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Thread: Big Waves vs. Small Waves
May 8, 2013, 02:18 PM #21
May 8, 2013, 02:35 PM #22
May 8, 2013, 02:47 PM #23
Seems that what you have on your hands is a great small wave quiver. Some may argue, but fish are loose and can be sketchy in steep surf, in my experience. They usually have wide tails, soft rails, and little to no rocker. Maybe LBCrew or someone who knows the specifics of that one could be more helpful.
That longboard can handle the surf if you can, but it is pretty demanding to ride a log in big waves. If you really think you have a reason to get a board for bigger waves, I would go for a standard high performance shortboard, in 3 fin, squash or pin tail, and like 2-4 inches longer than your coil. Foam is your friend so don't go buy a pro model or anything.
I've got a pin tail 6'6 that is my traveler board but a far stretch from a gun. I ride it in anything over head high and steep. It's thick in the stringer, sharp rails, and lots of rocker.
Last edited by leethestud; May 8, 2013 at 03:03 PM.
May 8, 2013, 03:27 PM #24
May 8, 2013, 04:10 PM #25
May 8, 2013, 04:12 PM #26
i find smaller is better in fast hollow beach breaks, but it really depends on the wave your surfing and shape of board.
example - i'm 6'0 160lbs and pretty much stick to my 6'2 standard shortboard for just about everything from chest high beach break to DOH reef/points.
i just broke my 6'2. my 6'0 is getting repaired so i took out my only other option - a 6'3 roundtail, lots of rocker, etc...in chest-head beach break and had so much trouble getting into waves. altho bigger, the shape is not right for those conditions.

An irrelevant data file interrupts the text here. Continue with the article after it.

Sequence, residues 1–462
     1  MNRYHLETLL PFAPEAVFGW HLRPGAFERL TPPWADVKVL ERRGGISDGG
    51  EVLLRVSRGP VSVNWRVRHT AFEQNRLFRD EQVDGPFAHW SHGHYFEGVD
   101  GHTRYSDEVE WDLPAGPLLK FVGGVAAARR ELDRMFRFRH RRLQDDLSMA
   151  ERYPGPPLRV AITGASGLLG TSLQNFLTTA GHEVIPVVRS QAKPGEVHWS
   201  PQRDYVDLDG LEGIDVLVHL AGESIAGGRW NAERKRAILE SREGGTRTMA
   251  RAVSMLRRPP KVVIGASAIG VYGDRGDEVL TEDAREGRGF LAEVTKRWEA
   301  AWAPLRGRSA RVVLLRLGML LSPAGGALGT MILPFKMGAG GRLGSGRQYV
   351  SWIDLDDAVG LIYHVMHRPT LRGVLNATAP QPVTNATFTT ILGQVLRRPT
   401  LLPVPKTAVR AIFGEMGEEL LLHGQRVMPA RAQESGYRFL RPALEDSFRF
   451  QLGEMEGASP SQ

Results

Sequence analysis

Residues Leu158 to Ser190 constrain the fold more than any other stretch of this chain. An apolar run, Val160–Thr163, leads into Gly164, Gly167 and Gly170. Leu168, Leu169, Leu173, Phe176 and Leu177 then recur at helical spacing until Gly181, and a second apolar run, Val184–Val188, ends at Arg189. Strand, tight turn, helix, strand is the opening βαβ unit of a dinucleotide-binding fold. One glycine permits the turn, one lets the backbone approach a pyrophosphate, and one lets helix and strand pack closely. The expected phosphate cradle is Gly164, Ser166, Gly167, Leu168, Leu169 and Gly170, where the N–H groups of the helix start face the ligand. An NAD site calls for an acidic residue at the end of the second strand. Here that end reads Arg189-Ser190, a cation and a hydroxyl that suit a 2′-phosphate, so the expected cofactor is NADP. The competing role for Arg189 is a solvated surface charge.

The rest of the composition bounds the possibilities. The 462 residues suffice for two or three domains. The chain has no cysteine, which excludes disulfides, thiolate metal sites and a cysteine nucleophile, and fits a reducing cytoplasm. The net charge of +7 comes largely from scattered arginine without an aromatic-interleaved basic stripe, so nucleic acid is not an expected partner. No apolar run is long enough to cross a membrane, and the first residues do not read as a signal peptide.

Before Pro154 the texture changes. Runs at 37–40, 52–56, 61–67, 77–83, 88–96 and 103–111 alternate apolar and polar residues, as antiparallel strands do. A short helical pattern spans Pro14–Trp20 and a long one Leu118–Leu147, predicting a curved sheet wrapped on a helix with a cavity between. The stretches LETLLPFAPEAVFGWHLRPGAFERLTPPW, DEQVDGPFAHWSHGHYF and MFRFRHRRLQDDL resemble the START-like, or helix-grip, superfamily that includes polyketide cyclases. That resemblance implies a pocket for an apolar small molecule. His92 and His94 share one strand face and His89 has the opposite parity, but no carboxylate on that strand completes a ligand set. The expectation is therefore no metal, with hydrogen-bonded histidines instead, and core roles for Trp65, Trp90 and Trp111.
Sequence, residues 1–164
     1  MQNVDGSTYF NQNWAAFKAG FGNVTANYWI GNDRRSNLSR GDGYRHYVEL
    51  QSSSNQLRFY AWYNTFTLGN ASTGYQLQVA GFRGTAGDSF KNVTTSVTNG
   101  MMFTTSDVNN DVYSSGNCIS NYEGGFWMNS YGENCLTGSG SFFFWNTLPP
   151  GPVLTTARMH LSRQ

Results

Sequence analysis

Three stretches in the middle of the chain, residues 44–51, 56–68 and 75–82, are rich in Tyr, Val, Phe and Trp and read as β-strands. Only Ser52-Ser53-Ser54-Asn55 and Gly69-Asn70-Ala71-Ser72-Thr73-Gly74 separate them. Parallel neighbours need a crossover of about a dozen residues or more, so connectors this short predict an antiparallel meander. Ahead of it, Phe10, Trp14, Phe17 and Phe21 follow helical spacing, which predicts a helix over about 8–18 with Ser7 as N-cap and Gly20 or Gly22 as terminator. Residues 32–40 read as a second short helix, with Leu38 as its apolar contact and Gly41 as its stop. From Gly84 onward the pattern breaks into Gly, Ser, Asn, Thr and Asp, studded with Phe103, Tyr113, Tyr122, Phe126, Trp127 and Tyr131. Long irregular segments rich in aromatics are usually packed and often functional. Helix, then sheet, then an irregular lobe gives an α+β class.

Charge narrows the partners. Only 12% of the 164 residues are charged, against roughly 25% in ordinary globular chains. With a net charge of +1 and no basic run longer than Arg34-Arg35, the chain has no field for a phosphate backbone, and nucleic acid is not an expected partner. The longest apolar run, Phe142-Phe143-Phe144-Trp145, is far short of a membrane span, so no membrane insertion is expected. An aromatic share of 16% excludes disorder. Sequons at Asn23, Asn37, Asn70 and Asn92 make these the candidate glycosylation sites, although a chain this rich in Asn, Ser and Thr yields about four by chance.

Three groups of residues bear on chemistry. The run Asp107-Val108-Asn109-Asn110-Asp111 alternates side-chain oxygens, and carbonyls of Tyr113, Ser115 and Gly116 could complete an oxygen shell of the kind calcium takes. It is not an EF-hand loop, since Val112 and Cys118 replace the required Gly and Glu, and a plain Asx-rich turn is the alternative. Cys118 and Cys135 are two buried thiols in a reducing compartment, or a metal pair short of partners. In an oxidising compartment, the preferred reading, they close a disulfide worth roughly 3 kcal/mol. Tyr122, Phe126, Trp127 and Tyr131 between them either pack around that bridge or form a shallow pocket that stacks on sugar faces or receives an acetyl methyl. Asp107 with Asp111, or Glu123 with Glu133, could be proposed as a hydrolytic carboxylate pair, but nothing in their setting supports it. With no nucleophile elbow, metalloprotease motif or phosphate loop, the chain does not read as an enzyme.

commitment and concentration is super important too.
May 8, 2013, 04:16 PM #27
- Join Date
- Jan 2009
- Hilton Head Island - OB, SD
Agree with everyone so far. More foam is better for sure. My bigger wave step up board on the west coast was a 6'6 which could handle big blacks and most anything else with a 7'2 mini gun that I broke out maybe 3-4 times per year. As far as beach break, commitment is key. Larger boards tend to hesitate and drop in a little later, but on the bigger waves, a 6'6 to me would turn and burn like any of my 5'11 standard shortboards... You will have to initiate turns a little sooner and plan you attack, but if you have nice shoulders and conditions, it actually becomes easier to turn and navagate the waves...
But unfortunately, as mentioned in other threads, there are no reefs and points to go to when the bacj breaks max out... So on many occasions, it could just be too big, or too choppy. So dont feel like you have to climb the mountain every time... Some days just arent meant to be... You can get an A for effort, but on big days, you may g out for an hour and get two waves. Dont beat yourself up... It happens.
Know you limits. Know your spots. Be safe and don't over do it. A lot of those epic east coast photos of guys being shacked in DOH conditions end with them getting swallowed up in a closeout. So if you arent going for broke trying to get cover shots, just know your limits.... But the only way to get comfortable is repetition. You have to just go... Your instincts will take over. You may sit out on the shoulder and dodge sets for 30 minutes, but once you calm down and see what going on out there, your wave will come and you will know its time to go.
May 8, 2013, 04:20 PM #28
May 8, 2013, 04:24 PM #29
May 8, 2013, 04:39 PM #30